11. In a collapsible bag, the combination of a g0 casing formed of flexible material and having top, bottom and side walls, means for reinforcing and rendering substantially rigid said top wall comprising a rectangular wire frame secured thereto, a transverse bar secured at the U center of opposite sides of said wire frame for supporting garment hangers, supporting means for said bag secured to said wire frame, a collapsible framework arranged within said casing for supporting the top wall in spaced relation with the bottom wal, and means engaging the ends of said rectangular frame for maintaining said top wall in arched position, said means being disengageable so that said top wall may be collapsed into flat position.

12. In a collapsible bag, the combination of a casing formed of flexible material and having top, bottom and side walls, means for reinforcing and rendering substantially rigid said top wall comprising a rectangular wire frame secured thereto, a transverse bar secured at the center of opposite sides of said wire frame for supporting garment hangers, two spaced transverse bars secured to said reinforcing frame, a handle anchored to said spaced transverse bars, a collapsible framework arranged within said casing for supporting the top wall In spaced relation with the bottom wall, and means engaging the ends of said rectangular frame for maintaining said top wall in arched position, said means being disengageable so that said top wall may be co lapsed into flat position.

13. In a collapsible bag, the combination of a casing formed of flexible material and having top, bottom and side walls, means for reinforcing and rendering substantially rigid said top wall comprising a rectangular wire frame secured thereto, a transverse bar secured at the center of opposite sides of said wire frame for supporting garment hangers, a supporting hook secured to the center of said transverse bar and extending out of said top wall, a collapsible framework arranged within said casing for supporting the top wall in spaced relation with the bottom wall, and means engaging the ends of 80 said rectangular frame for maintaining said top wall in arched position, said means being disengageable so that said top wall may be collapsed into flat position.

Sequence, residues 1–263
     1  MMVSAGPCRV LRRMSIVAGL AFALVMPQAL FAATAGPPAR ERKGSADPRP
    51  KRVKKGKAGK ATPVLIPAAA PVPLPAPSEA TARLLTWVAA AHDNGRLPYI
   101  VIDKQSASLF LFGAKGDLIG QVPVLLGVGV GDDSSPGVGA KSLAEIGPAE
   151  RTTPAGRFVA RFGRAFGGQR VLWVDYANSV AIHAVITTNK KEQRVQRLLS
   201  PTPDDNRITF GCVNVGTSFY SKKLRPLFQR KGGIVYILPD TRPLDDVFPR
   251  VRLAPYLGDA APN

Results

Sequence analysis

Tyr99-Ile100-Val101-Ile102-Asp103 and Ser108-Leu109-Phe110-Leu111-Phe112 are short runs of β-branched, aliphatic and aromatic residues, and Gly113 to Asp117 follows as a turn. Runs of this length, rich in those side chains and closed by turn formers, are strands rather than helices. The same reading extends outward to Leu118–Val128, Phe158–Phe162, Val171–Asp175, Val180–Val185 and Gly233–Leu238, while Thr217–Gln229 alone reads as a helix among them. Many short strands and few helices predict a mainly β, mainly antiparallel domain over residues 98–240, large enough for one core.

14. In a collapsible bag, the combination of a 8S casing formed of flexible material and having top and side walls, means for reinforcing and rendering substantially rigid said top wall comprising a rectangular wire frame secured thereto, supporting means for said bag secured to 4 said wire frame, and means engaging the ends of said rectangular frame for maintaining said top wall in arched position, said means being disengageable so that said top wall may be collapsed into flat position.

15. In a collapsible bag, the combination of a casing formed of flexible material and having top and side walls, means for reinforcing and rendering substantially rigid said top wall comprising a rectangular wire frame secured there- 60 to, a transverse bar secured at the center of opposite sides of said wire frame for supporting garment hangers, supporting means for said bag secured to said wire frame, and a stiff bar engaging the ends of said rectangular frame foi 6 maintaining said top wall in arched position, said bar being disengageable so that said top wall may be collapsed into flat position.

16. In a collapsible bag, the combination of a casing formed of flexible material and hav- 0o ing top and side walls, means for reinforcing and rendering substantially rigid said top wall comprising a rectangular wire frame secured thereto, a transverse bar secured at the center of opposite sides of said wire frame for supporting gar- 6 ment hangers, two spaced transverse bars secured to said reinforcing frame, a handle anchored to said spaced transverse bars, and a stiff wire bar hooked over the ends of said rectangular frame for maintaining said top wall in arched position said bar being disengageable so that said top wall may be collapsed into flat position.

AMY H. SHORT.